Epilepsy And Social Security Disability
By Pitt Dickey
This column will exam how the Social Security Administration evaluates Disability Insurance Claims for people who suffer from convulsive disorders such as epilepsy. The Social Security Administration (SSA) has a set of criteria that it uses called Listings to determine whether a person is eligible for monthly disability insurance payments. To obtain disability insurance benefit payments from the SSA a person must in general have a health problem that can be expected to last at least one year or to result in death and be unable to perform any type of substantial gainful employment. To simplify the test, it is not enough that the disabled person can’t go back and perform his former work for health reasons, the worker must also be unable to perform any type of full time work that exists in the American economy.
To see how the SSA reviews claims that involve persons who suffer from epilepsy it is helpful to take a brief look at the medical terms used in describing epilepsy. Epilepsy occurs when nerves in the brain react abnormally and send recurring abnormal signals to the body. There are two types of seizures that occur in persons who suffer from epilepsy.
Grand Mal Seizures or Generalized Seizures happen when large bursts of electrical energy go through all of the brain suddenly. Typically a person having a generalized seizure has symptoms which can result is a sudden loss of consciousness, the person may fall down, and undergo a stiffening of the muscles called tonic contractions. These are usually followed by clonic contractions in which the persons muscles cause a twitching and jerking of the persons arms and legs.
Partial Seizures occur when the electrical disturbance in the brain effects only one portion of the brain. The partial seizure then effects just the part of the body controlled by that particular part of the brain that is having the disturbance. If the seizure starts in one part of the brain and then spreads through the rest of the brain it is called a partial seizure secondarily generalized. Some patients will have a sensation called an aura which is a change in their feelings or ability to move that gives them advance notice that they are about to have a seizure.
Partial Seizures are divided into Simple Partial Seizures and Complex Partial Seizures. A patient having a simple partial seizure does not lose consciousness while having the seizure. A person having a complex partial seizure will have his consciousness effected either by losing consciousness or even though he may appear to be conscious he will be in an altered consciousness or dreamlike state and be unable to respond logically to outside stimulus.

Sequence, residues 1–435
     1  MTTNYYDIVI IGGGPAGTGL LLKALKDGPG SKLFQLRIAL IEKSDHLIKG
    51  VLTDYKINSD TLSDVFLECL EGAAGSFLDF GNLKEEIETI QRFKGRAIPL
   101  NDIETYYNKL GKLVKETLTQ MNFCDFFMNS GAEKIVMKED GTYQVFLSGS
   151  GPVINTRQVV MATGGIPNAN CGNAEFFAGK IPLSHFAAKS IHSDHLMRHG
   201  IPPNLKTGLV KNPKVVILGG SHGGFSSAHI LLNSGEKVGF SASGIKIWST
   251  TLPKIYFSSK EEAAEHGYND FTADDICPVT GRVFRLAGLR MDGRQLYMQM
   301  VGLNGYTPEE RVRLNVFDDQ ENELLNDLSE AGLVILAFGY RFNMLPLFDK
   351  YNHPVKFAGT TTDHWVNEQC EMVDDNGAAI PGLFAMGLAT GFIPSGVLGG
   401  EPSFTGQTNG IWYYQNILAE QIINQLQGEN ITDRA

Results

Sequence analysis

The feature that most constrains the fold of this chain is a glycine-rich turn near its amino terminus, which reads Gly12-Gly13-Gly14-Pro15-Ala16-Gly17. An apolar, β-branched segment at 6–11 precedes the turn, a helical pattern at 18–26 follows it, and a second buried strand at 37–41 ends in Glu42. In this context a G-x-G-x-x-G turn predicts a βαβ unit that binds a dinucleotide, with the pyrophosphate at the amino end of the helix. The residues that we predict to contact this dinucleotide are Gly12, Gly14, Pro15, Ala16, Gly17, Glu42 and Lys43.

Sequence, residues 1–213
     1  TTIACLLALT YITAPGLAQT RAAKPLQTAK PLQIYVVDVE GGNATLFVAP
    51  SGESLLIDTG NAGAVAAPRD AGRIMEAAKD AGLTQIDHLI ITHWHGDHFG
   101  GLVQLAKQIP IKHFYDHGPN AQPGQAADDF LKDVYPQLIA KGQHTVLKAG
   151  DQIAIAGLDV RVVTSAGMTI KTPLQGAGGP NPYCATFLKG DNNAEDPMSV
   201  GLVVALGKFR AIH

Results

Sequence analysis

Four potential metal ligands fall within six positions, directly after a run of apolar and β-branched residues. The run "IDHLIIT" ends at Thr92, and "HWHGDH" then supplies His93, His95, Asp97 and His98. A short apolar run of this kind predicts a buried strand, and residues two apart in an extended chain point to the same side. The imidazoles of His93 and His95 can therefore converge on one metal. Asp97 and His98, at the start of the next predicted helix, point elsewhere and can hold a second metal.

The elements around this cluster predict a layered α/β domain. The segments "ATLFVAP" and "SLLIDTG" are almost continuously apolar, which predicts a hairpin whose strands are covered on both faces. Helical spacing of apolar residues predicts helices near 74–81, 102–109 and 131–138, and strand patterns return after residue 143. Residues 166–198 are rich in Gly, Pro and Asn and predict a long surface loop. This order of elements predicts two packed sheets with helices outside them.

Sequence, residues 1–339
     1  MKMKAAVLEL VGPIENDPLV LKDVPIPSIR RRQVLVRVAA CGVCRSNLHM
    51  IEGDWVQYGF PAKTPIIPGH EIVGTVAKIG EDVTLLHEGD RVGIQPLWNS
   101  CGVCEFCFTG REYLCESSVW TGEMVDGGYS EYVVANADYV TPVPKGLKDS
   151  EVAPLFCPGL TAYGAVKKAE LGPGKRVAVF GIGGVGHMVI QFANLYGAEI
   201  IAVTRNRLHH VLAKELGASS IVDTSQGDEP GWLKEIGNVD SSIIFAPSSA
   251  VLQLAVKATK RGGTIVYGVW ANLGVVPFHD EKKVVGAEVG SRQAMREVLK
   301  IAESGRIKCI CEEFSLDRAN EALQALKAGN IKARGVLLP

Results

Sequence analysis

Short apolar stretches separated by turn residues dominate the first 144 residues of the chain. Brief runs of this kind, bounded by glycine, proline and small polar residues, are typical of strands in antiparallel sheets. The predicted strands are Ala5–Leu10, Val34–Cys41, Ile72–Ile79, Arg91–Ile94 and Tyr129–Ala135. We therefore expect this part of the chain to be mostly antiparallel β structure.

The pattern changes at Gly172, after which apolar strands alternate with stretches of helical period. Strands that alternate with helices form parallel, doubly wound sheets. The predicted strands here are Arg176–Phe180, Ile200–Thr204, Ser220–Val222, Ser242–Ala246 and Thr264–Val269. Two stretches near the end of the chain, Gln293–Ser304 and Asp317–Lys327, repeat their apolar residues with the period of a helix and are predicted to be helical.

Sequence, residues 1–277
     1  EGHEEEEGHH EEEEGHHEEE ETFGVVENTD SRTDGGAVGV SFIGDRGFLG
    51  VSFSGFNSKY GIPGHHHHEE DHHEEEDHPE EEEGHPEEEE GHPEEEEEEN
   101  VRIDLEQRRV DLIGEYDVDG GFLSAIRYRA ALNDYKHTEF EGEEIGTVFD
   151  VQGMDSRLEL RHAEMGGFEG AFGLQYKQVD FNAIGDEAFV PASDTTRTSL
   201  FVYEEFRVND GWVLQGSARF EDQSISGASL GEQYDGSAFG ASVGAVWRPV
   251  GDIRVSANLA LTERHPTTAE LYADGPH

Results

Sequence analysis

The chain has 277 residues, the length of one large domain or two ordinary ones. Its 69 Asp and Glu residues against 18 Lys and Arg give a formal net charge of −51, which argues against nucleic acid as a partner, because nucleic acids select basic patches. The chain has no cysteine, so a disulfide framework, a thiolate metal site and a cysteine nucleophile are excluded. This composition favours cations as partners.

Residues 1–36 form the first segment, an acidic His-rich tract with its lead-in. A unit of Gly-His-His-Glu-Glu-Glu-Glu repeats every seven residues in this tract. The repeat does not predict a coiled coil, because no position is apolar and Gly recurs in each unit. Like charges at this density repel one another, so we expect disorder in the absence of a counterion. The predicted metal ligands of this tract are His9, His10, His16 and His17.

The SSA evaluates all convulsive disease according to the degree of impairment suffered by the person according to the type, frequency, duration and after effects of the seizure on the person. The SSA requires that there be at least one medical description of a typical seizure experienced by the person. The description must include whether or not the person had the aura sensation, tongue bites, sphincter control problems, injuries associated with the seizures, and any post seizure after effects such as weakness or confusion. The doctor making the report regarding the seizure should also indicate which parts of the seizure description is from his own observations and which part of the description comes from other sources. If professional testimony is not available as to witnessing the seizure then other lay witnesses can provide this information to the SSA. The epilepsy must also be documented by at least one Electroencephalogram. (EEG) An EEG is a recording of the electrical activity in the brain. The EEG can be used to demonstrate seizure activity in a person’s brain by reading the electrical activity report.
A person meets the SSA Listing for major motor seizures such as Grand Mal or psychomotor seizures if the seizure is documented by an EEG and the detailed description of the a typical seizure and that the seizures have occurred more than once per month in spite of at least three months of prescribed treatment. The patient must also have at least one of the following:
A. Daytime episodes (with loss of consciousness and convulsive seizures) or
B. Nocturnal episodes with residuary effects which interfere significantly with activity during the day.
The SSA Listing for minor motor seizures such a petit mal psychomotor or focal must be documented by an EEG and have a detailed description of a typical seizure which occurs more frequently than once a week in spite of at least three months of prescribed treatment. The petit mal seizure must also have alteration of awareness or loss of consciousness and transient post seizure manifestations of unconventional behavior or significant interference with activity during the day.
Further information on epilepsy can be obtained from the Epilepsy Foundation of North Carolina, 3001 Spring Forest Road, Raleigh, N.C. 27616.
It should be kept in mind that a person can still be found to be disabled by an Administrative Law Judge even if he does not meet a particular listing if he has health problems that in combination are the equivalent of a listing. The Judge has the discretion to decide if a person’s health problems are serious enough to warrant an award of disability benefits despite not meeting the specific technical requirements of one of the SSA listings for disability.
Pitt Dickey has practiced law handling Social Security disability cases in Fayetteville since 1978. He practices with the firm of Smith, Dickey, Dempster, Carpenter, Harris & Jordan, P.A. at 315 Person Street and can be reached at 910 – 484-8195 or [email protected] or www.smithdickeydempster.com